Monday, January 10, 2011

A Fun Treadmill Mind Game

It's funny how just the other day I talked about how I avoid the treadmill at all costs, and then over the weekend, the D.C. area gets hit with just enough snow to make the sidewalks too slippery for me to run on and I'm forced into the gym to do my long run on the treadmill.

New Year's Resolution: 36/365(Source)

Running on the treadmill is boring, there's no doubt about that, and nothing is worse than doing a long run on the treadmill.

Since I was looking at an hour and 20 minutes on the treadmill, I came up with a mind game to keep me entertained.

I wanted to share it because I know a lot of other runners are forced to use treadmills in the winter and maybe a trick like this will help the time fly faster for you too.

Jess' Treadmill Mind Game:

Before you get on the treadmill, visualize a route you want to run. I recommend selecting a route that you very commonly run outdoors, something that you are extremely familiar with.
Then get on the treadmill and start running.
As you watch the time on the treadmill tick by, adjust the incline to mimic the hills on your actual outside route. So if in the first minute of your outside route, you have a flat path, hike the incline to 1 and run along until you hit your first uphill. If at five minutes you run up a steep hill in your outside route, mimic that incline on the treadmill.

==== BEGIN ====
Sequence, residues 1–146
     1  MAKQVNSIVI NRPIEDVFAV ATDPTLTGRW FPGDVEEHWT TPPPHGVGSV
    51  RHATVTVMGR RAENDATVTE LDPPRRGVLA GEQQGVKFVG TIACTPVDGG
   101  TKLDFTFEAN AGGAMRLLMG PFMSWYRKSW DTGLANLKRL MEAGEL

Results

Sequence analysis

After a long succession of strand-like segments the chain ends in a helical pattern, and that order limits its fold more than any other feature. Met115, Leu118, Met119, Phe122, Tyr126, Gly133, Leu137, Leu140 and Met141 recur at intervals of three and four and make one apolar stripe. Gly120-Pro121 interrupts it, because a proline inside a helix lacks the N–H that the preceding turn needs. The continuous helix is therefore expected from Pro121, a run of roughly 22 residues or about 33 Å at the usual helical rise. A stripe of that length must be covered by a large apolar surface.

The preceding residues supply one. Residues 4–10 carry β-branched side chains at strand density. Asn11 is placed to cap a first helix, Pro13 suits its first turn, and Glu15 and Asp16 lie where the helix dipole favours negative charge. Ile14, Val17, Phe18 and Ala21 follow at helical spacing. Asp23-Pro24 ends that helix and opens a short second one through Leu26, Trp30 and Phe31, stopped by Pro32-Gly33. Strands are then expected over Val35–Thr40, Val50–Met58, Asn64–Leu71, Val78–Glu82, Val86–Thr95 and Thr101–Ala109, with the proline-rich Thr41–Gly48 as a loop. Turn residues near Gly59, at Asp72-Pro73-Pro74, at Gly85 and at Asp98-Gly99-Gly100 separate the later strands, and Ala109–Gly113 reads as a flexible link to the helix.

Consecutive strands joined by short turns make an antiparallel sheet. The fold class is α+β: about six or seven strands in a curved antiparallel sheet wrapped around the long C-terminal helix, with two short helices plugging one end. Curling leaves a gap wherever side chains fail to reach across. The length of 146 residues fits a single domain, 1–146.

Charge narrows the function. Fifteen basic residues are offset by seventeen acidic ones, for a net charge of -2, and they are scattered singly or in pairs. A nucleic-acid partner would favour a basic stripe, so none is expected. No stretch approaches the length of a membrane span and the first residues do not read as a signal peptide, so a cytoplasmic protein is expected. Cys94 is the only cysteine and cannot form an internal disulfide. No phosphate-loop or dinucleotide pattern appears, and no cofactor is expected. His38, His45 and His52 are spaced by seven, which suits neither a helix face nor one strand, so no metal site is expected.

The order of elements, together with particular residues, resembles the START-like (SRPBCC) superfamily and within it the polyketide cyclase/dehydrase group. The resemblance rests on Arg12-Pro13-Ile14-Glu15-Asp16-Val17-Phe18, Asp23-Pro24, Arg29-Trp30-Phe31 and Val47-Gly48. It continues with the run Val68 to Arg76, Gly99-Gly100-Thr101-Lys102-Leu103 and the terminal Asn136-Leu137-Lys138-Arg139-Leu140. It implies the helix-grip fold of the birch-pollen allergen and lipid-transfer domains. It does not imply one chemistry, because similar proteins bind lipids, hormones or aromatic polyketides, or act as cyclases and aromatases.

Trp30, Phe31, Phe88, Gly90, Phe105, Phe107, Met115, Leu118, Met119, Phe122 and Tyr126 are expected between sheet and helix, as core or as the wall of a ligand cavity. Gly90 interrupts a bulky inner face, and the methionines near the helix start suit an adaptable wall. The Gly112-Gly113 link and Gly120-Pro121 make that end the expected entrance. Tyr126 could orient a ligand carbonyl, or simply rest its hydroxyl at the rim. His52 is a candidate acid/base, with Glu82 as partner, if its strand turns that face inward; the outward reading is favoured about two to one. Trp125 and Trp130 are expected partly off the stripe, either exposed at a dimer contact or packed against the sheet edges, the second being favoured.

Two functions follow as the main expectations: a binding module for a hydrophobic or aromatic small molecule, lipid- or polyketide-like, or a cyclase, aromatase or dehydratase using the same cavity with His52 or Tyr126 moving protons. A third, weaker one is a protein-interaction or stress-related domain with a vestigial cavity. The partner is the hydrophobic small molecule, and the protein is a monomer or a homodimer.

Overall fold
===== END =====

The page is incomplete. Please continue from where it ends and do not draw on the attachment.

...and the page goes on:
Do this for the entire length of your run.

This works for two reasons.

First, you re-create outside conditions to the best of your ability. In the outside world, hills aren't pre-programmed to come one right after another like they are on the treadmill setting. Outside some are big, some are small. You have long, slow climbs and steep, short climbs. By manually adjusting the incline to mimic an outside route, you challenge yourself by mixing it up.

Second, this plan forces you to constantly think about what's coming next in your outside route so you can program the treadmill according. Paying attention to that takes your mind off the monotony of running in place. If you're picturing your outside route, visualizing the hills and the scenery outside, it makes your treadmill run that much more bearable.

Running on the treadmill won't ever live up to a run outside, but this little mind game can help you get through those runs when you don't have any choice but to use the treadmill.

What mind games do you use to make treadmill running more bearable?

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